Boston Python workshop 2/Glossary
argument or parameter - The values or variables that a function uses. For example, when you say 'print "Hello, World"' the argument to the function 'print' is '"Hello World"'. Many functions can have multiple arguments, and you can use variables or values are arguments.
conditional - a piece of code that choose which code should execute next based on a test that compares various values or variables. An "if" statement is a type of conditional, as is the part of a loop that decides if we should keep looping or not.
dictionary - A variable type that allows the programmer to represent relationships between a key and a value. You can think of a key as the word in a traditional dictionary, and the value as the definition of that word. A dictionary can have many keys and values, but a key only looks up one value.
exception - a unique event, often an error of some kind, that may occur in code. Sometime you can't predict how or if a function will fail to run properly, so you make that function throw an exception and this way the programmer who uses that function can catch the exception by writing some code around the call to your function.
function - a self-contained bit of code that can be used by other code. For example, "print" is a function in Python that you use to write text to the screen. You may here someone say "call the print function" or "make a call to the foo function". call is another way to say "use" when you are talking about a function.
iteration - each time you go through the code in a loop you are iterating through the code inside the loop. This is just a programmer's way of saying "repeating" or "repetition".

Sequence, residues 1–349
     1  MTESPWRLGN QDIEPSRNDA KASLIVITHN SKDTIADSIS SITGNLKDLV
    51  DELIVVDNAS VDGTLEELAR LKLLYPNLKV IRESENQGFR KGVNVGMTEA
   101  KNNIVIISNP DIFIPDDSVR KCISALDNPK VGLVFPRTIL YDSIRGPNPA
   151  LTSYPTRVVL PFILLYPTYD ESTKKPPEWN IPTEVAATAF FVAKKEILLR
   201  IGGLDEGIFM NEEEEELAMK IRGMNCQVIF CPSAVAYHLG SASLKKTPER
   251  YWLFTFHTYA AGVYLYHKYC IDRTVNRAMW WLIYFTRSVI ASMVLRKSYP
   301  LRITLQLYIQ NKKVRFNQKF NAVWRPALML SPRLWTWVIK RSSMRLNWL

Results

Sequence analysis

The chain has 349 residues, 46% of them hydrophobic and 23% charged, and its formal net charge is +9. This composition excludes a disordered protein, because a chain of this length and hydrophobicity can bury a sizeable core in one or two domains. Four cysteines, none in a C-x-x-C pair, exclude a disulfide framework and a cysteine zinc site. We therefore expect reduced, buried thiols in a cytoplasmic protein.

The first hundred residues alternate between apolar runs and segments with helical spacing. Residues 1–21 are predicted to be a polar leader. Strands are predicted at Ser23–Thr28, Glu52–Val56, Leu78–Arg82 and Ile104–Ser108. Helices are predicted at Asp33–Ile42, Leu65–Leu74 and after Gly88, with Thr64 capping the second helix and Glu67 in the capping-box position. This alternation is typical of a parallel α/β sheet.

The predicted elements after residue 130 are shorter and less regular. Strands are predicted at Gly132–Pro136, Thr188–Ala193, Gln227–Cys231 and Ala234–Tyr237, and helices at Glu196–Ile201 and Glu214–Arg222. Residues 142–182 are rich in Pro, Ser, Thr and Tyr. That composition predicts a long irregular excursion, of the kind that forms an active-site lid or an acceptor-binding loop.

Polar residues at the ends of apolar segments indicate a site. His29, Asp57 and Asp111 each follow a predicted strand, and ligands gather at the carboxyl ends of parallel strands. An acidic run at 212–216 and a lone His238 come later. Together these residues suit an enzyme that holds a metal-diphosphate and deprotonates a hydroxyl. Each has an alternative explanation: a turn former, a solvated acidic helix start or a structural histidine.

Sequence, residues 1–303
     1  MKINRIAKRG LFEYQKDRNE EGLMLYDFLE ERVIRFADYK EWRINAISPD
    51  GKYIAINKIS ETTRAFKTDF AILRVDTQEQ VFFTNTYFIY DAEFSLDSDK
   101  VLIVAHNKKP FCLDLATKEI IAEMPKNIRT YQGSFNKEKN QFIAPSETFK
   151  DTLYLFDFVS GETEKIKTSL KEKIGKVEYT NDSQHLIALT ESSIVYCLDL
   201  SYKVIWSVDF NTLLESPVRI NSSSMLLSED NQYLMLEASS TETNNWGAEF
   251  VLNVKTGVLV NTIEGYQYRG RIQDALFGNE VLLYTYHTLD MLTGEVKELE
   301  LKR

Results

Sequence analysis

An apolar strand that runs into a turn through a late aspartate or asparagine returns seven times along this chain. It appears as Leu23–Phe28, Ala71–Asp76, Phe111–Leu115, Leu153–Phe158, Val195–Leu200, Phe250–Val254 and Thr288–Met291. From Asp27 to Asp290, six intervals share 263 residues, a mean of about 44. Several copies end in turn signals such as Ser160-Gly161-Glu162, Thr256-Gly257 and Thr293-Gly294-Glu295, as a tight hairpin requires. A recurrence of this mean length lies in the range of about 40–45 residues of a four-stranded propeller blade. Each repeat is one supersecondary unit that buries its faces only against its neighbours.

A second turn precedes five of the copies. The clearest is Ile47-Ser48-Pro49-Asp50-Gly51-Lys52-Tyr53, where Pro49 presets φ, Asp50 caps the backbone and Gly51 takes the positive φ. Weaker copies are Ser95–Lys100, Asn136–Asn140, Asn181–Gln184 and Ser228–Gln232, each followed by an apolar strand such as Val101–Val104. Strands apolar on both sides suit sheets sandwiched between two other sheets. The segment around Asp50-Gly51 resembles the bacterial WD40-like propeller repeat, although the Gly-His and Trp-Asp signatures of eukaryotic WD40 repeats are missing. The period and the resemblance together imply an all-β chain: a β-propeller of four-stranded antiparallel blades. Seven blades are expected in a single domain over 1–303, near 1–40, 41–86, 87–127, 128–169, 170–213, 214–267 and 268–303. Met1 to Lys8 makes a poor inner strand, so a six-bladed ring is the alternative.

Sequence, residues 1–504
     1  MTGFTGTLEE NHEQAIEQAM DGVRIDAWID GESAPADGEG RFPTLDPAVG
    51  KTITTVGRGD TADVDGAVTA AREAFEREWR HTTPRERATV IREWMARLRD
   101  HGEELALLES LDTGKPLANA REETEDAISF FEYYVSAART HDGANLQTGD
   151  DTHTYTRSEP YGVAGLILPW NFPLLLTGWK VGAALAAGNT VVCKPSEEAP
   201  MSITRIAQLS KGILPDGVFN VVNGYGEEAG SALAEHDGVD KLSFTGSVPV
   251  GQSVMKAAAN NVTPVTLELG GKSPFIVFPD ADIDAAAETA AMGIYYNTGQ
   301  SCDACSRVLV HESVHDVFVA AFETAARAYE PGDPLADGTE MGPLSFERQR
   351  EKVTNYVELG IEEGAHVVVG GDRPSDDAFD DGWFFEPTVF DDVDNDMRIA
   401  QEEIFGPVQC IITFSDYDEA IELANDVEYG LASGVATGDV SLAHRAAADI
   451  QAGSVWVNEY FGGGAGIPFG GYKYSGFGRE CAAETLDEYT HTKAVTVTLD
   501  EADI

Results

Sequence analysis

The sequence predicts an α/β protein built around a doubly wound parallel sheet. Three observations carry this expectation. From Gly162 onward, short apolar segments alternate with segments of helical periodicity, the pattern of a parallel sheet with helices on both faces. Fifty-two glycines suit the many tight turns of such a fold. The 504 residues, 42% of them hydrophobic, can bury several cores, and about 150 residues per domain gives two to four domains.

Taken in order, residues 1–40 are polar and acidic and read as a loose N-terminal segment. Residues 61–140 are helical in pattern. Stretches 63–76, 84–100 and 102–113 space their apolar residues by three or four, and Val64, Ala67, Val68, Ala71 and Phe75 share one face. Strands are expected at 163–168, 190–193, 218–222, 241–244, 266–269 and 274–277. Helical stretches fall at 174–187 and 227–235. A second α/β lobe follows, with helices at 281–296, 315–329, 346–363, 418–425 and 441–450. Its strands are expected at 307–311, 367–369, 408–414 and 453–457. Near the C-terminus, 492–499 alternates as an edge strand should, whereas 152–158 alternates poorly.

library or module - a collection of useful code that is grouped together and usable by other programs. You can also think about this as a collection of related functions that another programmer has written so you don't have to. For example, in the ColorWall program we use the "Tk" module to draw pictures on the screen; we didn't write the Tk module but we're able to use it in our program. As you get better at Python you'll make your own modules for you and others to use.
loop - code that executes over and over again until some condition is met. These the 'for' and 'while' loops in Python.
syntax - the words and symbols that make up a programming language, such as 'if', 'else', 'for', 'while', '+', '-', etc. When you see a "'syntax error'" it means that you've tried to use a word or symbol that isn't part of the programming language (or use a word incorrectly), or you've just spelled something wrong.
text editor or editor - Like a word processor for doing software development, this is the tool in which you edit your code. While Windows comes with a text editor called Notepad, Notepad doesn't have some of the advantages (such as syntax highlighting and the ability to run your program inside the editor) of other text editors. Some examples of text editors are Notepad++, TextPad, Nano, Emacs, and Vi.
type - The type of a variable defines what kind of values the variable can be expected to represent. For example, if a programmer says "variable foo is of type string" it means that the variable 'foo' will have some words inside of it.
variable - a word (of your choosing, that isn't already used by the programming language's syntax) that can be used to represent a value. You can create variable with no value, or create them with an initial value, and you can change those values later in your program.